|Cato Policy Analysis No. 520||August 4, 2004|
by Jim Harper
Jim Harper is the editor of Privacilla.org and director of information policy studies at the Cato Institute.
Properly defined, privacy is the subjective condition people experience when they have power to control information about themselves. Because privacy is subjective, government regulation in the name of privacy can only create confidentiality or secrecy rules based on politicians' and bureaucrats' guesses about what "privacy" should look like. The most important, but elusive, part of true privacy protection is consumers' exercise of power over information about themselves. Ultimately, privacy is a product of personal responsibility and autonomy.
Law has dual, conflicting effects on privacy. Law is essential for protecting privacy because it backs individuals' privacy-protecting decisions, but much legislation plays a significant role in undermining privacy. Indeed, the principal threats to privacy come from governments.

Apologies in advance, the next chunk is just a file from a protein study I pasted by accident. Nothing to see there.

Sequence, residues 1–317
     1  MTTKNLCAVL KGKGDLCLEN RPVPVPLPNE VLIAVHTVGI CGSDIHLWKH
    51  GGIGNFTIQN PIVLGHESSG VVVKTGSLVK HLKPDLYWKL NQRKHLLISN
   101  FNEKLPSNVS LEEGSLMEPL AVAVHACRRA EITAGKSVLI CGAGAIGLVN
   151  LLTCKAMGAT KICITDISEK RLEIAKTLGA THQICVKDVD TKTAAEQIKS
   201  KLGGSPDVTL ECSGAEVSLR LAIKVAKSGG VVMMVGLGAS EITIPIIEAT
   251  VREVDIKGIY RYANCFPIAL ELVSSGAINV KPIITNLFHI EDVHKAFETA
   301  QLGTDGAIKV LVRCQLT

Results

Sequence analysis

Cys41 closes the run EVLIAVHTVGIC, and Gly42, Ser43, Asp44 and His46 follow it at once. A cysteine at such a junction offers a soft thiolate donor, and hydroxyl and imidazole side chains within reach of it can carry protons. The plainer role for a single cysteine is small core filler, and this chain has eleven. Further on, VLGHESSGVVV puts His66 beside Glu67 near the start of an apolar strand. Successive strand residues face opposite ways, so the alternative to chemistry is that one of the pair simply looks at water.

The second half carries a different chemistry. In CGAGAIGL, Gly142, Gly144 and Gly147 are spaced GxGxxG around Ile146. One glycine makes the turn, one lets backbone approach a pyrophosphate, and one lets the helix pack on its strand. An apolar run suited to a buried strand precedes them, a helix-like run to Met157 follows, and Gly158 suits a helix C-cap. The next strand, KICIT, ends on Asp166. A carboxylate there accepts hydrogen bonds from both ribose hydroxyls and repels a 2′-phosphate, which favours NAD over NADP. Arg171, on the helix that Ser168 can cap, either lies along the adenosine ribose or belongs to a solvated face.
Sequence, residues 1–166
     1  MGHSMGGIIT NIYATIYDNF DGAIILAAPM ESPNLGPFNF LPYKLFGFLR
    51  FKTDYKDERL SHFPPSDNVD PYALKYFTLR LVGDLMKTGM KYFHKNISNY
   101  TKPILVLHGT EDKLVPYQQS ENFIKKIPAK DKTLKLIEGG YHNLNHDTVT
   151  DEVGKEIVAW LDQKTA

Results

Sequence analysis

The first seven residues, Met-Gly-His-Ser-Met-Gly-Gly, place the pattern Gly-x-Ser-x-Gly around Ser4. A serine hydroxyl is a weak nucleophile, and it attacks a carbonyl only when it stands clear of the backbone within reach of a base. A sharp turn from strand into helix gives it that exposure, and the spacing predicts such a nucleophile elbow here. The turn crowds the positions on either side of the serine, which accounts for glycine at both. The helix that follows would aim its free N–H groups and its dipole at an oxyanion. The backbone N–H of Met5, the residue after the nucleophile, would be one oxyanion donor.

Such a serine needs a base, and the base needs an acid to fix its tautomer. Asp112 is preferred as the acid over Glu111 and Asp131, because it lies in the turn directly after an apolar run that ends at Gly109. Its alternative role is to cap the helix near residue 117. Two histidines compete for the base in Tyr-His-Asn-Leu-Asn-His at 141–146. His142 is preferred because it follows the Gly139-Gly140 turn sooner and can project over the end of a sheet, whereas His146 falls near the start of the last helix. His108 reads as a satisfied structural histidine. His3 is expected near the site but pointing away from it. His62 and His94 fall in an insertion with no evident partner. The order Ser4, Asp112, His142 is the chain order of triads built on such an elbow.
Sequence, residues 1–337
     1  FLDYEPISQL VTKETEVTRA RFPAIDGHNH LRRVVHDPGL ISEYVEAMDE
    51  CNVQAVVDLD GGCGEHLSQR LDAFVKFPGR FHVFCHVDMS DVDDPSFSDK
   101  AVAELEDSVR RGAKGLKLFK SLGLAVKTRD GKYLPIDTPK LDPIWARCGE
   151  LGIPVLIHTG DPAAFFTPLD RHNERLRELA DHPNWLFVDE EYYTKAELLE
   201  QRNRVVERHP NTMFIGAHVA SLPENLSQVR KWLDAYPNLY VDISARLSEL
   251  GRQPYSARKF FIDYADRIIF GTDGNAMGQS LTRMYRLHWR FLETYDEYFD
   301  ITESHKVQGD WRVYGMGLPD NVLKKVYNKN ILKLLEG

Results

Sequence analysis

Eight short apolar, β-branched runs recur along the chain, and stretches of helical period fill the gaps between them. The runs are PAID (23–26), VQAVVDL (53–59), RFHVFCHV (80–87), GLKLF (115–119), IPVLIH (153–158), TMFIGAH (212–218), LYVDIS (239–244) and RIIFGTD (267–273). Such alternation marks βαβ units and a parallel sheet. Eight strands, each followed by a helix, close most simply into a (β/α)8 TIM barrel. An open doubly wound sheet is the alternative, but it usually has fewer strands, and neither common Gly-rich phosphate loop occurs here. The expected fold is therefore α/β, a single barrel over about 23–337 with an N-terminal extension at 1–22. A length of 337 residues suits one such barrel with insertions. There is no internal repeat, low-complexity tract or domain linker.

These threats fall into three classes. The first, government surveillance, is a profound and well-recognized threat to privacy. Governments also undermine privacy by collecting, cataloging, and sharing personal information about citizens for administrative purposes. Less acknowledged -- but no less important -- is the wide variety of laws and regulations that degrade citizens' power to protect privacy as they see fit.
Whether it is anti-privacy regulation, data collection required by all manner of government programs, or outright surveillance, the relationship of governments to privacy is typically antagonistic. Privacy thrives when aware and empowered citizens are able to exercise control of information about themselves. Thoughtful policymakers should recognize the detrimental effects many programs have on consumers' privacy and respond with proposals that reduce the role of government in individuals' lives.
|Full Text of Policy Analysis No. 520 (PDF, 20 pgs, 243 Kb. Kb)|
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